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Last Night at the Cafe

- Yesterday I downloaded a paper that seems relevant to what I'm trying to prove and read it last night at the cafe. I had a strong sense of
*déja vu* as I was reading -- maybe at one point, long ago, my advisor hinted, "You should really read this paper." I couldn't decide which case I'm in:

- What I'm trying to show is obviously false as a trivial consequence of the main result of the paper, but I'm too slow to realize how it follows immediately. While annoying, not necessarily
*bad* since I haven't spent all that much time thinking about this. This is more likely to be the case if my advisor pointed me to this paper before I finished my dissertation -- in that case I could have added a bit about, "By a result of ---, it's straightforward to show that this does not hold in the case where K is not..." Less likely if he really did steer me to this paper and did it after I'd finished, as in that case he would have said something about what I'm trying to prove being false. Or would he?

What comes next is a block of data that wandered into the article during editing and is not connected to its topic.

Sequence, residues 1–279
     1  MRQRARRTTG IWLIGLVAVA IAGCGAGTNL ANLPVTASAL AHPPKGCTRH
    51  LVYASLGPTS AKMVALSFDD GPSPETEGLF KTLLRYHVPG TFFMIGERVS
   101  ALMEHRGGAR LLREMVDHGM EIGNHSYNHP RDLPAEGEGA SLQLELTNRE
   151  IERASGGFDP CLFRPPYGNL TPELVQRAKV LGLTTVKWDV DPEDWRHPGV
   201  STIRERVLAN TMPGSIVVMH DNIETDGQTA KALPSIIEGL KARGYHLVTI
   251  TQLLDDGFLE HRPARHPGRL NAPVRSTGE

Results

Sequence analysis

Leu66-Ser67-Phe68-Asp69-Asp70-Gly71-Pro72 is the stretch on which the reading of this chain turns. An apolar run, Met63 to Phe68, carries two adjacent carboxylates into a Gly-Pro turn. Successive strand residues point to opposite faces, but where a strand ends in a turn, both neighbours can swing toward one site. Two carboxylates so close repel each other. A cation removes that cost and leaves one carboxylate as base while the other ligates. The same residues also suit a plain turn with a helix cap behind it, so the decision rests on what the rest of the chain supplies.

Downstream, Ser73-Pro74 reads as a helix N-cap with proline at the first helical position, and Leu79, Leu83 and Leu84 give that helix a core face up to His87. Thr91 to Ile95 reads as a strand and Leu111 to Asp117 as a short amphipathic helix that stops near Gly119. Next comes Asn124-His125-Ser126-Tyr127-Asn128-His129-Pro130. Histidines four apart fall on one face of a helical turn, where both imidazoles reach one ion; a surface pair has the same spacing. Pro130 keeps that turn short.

- What I'm trying to prove can be shown to be false by making appropriate changes to a construction that is described in the paper. Not as bad as it sounds. If I could figure out what those changes are, I could get a note out of it.

- Or, the paper I'm reading has nothing whatsoever to do with the conjecture I'm trying to prove. This might be the worst option, as I'm not exactly making rapid progress on this problem, nor am I filled with good ideas of my own.

**Secret Message to the Guy with the Manicure:** You can grope her in public all you like, but as long as you continue to dress like that, people will assume that you are gay.

- There was this guy who kept looking at me. Do I know him? Is he one of my students?